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It’s a little puzzling as to why, but there are almost no cats in Port Moresby. It could be that there is a stronger culture of dog ownership (I use the term ownership loosely as most dogs wander freely causing grief). Perhaps with all the dogs running freely it is not an environment that is conducive to cats.

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That’s probably why this kitten caught my eye as I was going for a walk the other day. I’m not a cat person either but the kitten was very cute.

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This photo shows a hole in the footpath that is probably an access point for sewarage or gas pipes. What caught my eye is that it is missing the cover. So it leaves a hole about the size of a human foot right there in the middle of the footpath in one of the busiest parts of town. That’s not at all unusual here in PNG – such death traps exist all over the place. But it is highly indicative of a very different culture from the one in which I live. If there were a hole in the footpath like that in a Canadian City, the local Council would immediately send someone out to fix it. In the meantime they would probably leave a supply of colourful warning signs for fear of someone breaking an ankle and suing them for a million dollars. In PNG, the attitude is quite the opposite. Responsibility for preventing injury is shifted squarely back into the hands of the individual. The attitude is not to remove everything dangerous but rather that people should watch where they’re walking. Of course, people don’t and so they are constantly injured in various ways. But I do find it refreshing compared to back home where one is generally immersed in a culture of overly-intrusive governments and “eat your vegetables” legislation.

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More evidence of the lower ‘duty of care’ practiced here comes from this truck load of garbage.  Pieces of debris were bouncing off and dropping all over the road as the truck trundled along unperturbed.

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However, one area in which the local government excels is enforcement of registration checks. I don’t know if these chaps work on commission but they are everywhere and they operate very aggressively. A colleague and I were on our way to register a new car that we’d brought in from Japan when we were pulled over. We had been told that we had a week to do the registration, but according to these guys we were supposed to obtain some other permit in order to get to the place where one buys the permits. Generally speaking people here would pay a small bribe to make a problem like this go away. We refused to offer one and they couldn’t write out the tickets fast enough. The total cost was 300 kina, plus five minutes of the guy on the right yelling on me so forcefully that bits of spit were hitting me in the face now and then. I hope he doesn’t have tuberculosis. “To protect and to serve”.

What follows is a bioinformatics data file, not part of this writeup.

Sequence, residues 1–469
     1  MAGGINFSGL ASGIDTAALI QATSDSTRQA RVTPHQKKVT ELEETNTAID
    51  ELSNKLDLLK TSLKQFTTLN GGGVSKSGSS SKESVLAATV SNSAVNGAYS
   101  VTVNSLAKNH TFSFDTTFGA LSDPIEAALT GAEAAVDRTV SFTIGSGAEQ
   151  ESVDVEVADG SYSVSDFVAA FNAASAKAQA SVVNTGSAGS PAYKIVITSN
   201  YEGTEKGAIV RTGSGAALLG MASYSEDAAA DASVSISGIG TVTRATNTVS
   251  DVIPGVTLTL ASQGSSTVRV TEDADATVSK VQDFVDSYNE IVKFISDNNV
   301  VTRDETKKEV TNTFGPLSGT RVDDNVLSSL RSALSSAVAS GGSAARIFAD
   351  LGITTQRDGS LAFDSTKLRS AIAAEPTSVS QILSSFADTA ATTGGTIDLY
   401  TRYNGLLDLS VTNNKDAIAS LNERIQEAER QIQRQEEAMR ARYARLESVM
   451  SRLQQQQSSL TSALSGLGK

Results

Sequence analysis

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Port Moresby is lovely and green at the moment from all the rain that we’ve had.

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Ferocious storms blow in, dump an ocean of rain and then blow out a few hours later.

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The rain cools the place down, which is a pleasant relief. But it does also create lots of puddles in which mosquitoes can breed. I confirmed when I was back in Canada that I did contract Dengue Fever. Despite my mosquito net and all of my efforts to avoid bites, I still get bitten every now and then and one of those bites gave me Dengue. It was a very unpleasant weekend recovery but I have been lucky. Some people suffer horrible rashes and other symptoms that can last for months. Mine passed rapidly. There are five strains of Dengue. The good news is that I am now immune to the strain that I contracted. The bad news is that if I get any of the other 4 strains, the symptoms will be more severe. So vigilance continues to be the order of the day.

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One of the more challenging elements of life in Papua New Guinea is shopping. Nothing is ever easy to obtain. Things are always overpriced and availability is inconsistent.

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Most people buy cheap Chinese imported goods most of the time. These are cheaper but they are notoriously unreliable. My ironing board that came with the house died recently and I had to replace it.